Almost everything in David Bowie’s shapeshifting career changed as he glided between personas, but one thing that remained the same throughout was his love of Bob Dylan, who was a muse that he turned to over 40-years apart.
The first time Bowie referenced Dylan was on his 1971 track ‘Song For Bob Dylan’, a number that hardly hid the admiration he held for the star of Greenwich Village. The Hunky Dory album track may not be a stand-out moment from the record, but it amplifies the high regard that Bowie held for Dylan.
“There’s even a song – ‘Song for Bob Dylan‘ – that laid out what I wanted to do in rock,” Bowie later said about the track to Melody Maker in 1976. “It was at that period that I said, ‘okay (Dylan) if you don’t want to do it, I will.’ I saw that leadership void.”
Adding: “Even though the song isn’t one of the most important on the album, it represented for me what the album was all about. If there wasn’t someone who was going to use rock ‘n’ roll, then I’d do it.”
He even spoke another time about why Dylan’s vast repertoire made him ‘green with envy’. “50 songs isn’t enough, I’ve realised,” Bowie told the interviewer as they discussed his setlist and how he kept himself interested on stage all these years. “I heard, and I was green with envy, Dylan’s got like 140 songs he chooses from [to make a setlist]. I can see that you’ve got to build up to that because even when you’ve got 50, there are some that you’re gone get a bit fed up with faster than others.”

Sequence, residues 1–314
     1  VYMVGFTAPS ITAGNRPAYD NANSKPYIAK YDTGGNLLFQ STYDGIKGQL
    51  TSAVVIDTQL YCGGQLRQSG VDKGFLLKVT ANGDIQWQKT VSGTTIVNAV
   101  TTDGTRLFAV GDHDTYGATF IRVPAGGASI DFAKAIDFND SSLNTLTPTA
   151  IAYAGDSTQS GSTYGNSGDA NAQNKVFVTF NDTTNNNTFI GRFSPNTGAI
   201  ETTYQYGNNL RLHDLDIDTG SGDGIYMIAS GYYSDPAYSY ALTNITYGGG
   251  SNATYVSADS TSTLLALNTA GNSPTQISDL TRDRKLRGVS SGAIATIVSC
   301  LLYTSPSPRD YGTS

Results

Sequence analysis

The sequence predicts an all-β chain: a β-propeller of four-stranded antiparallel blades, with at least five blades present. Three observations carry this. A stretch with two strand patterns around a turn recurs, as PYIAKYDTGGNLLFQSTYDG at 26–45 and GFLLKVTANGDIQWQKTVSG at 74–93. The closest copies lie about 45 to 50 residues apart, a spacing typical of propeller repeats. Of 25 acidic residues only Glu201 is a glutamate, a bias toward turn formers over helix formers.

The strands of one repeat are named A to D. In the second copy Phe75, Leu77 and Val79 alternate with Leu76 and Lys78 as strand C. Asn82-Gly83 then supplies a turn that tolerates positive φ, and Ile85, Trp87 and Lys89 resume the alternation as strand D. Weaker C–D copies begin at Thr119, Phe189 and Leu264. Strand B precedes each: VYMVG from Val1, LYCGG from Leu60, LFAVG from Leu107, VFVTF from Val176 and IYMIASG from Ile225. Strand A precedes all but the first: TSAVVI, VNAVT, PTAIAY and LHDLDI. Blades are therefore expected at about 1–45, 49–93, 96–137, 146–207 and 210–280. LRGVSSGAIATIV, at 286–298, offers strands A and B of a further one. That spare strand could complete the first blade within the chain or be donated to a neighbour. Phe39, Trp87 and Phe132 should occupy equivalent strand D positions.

In 2013, Bowie returned with his first album in a decade, The Next Day, and paid tribute to Bowie once more. ‘(You Will) Set the World On Fire’ sees The Starman dust off his storytelling muscles and tell a tale set in the halcyon days of Greenwich Village.
The track captures the ambition of the soon to be household names that filled up the coffee shops of the Village on a nightly basis before the likes of Joan Baez, David Van Ronk, Phil Ochs, and of course, Bob Dylan, would go on to greater things. Bowie took New York to his heart, and it became his adopted hometown, so it was only right that he paid homage to such an important part of its cultural heritage.
On the opening verse, Bowie sings: “Midnight in the Village, Seeger lights the candles, From Bitter End to Gaslight, Baez leaves the stage, Ochs takes notes, When the black girl and guitar, Burn together hot in rage, You’ve got what it takes, You say too much.”
Meanwhile, later in the track, Bowie goes: “Kennedy would kill for the lines that you’ve written, Van Ronk says to Bobby ‘she’s the next real thing’.”
There’s something impossibly magic about that period in Greenwich Village that will never quite be replicated. Everything that was going on in the scene was groundbreaking, and artists felt like anything was possible; the sky truly was the limit. Bowie beautifully paints a picture of Greenwich and makes you feel like you’re in amongst all the hustle and bustle as if it’s 1963.